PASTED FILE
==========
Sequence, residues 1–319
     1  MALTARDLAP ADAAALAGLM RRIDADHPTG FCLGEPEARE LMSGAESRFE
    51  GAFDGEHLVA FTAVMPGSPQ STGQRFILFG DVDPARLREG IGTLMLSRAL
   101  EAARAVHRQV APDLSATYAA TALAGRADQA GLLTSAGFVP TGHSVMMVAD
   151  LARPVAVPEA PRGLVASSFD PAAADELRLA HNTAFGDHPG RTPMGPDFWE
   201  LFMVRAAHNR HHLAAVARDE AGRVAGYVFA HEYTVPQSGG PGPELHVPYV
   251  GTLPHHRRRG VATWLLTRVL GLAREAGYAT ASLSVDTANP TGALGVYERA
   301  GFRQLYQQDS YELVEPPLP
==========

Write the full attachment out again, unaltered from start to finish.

Sequence, residues 1–319
     1  MALTARDLAP ADAAALAGLM RRIDADHPTG FCLGEPEARE LMSGAESRFE
    51  GAFDGEHLVA FTAVMPGSPQ STGQRFILFG DVDPARLREG IGTLMLSRAL
   101  EAARAVHRQV APDLSATYAA TALAGRADQA GLLTSAGFVP TGHSVMMVAD
   151  LARPVAVPEA PRGLVASSFD PAAADELRLA HNTAFGDHPG RTPMGPDFWE
   201  LFMVRAAHNR HHLAAVARDE AGRVAGYVFA HEYTVPQSGG PGPELHVPYV
   251  GTLPHHRRRG VATWLLTRVL GLAREAGYAT ASLSVDTANP TGALGVYERA
   301  GFRQLYQQDS YELVEPPLP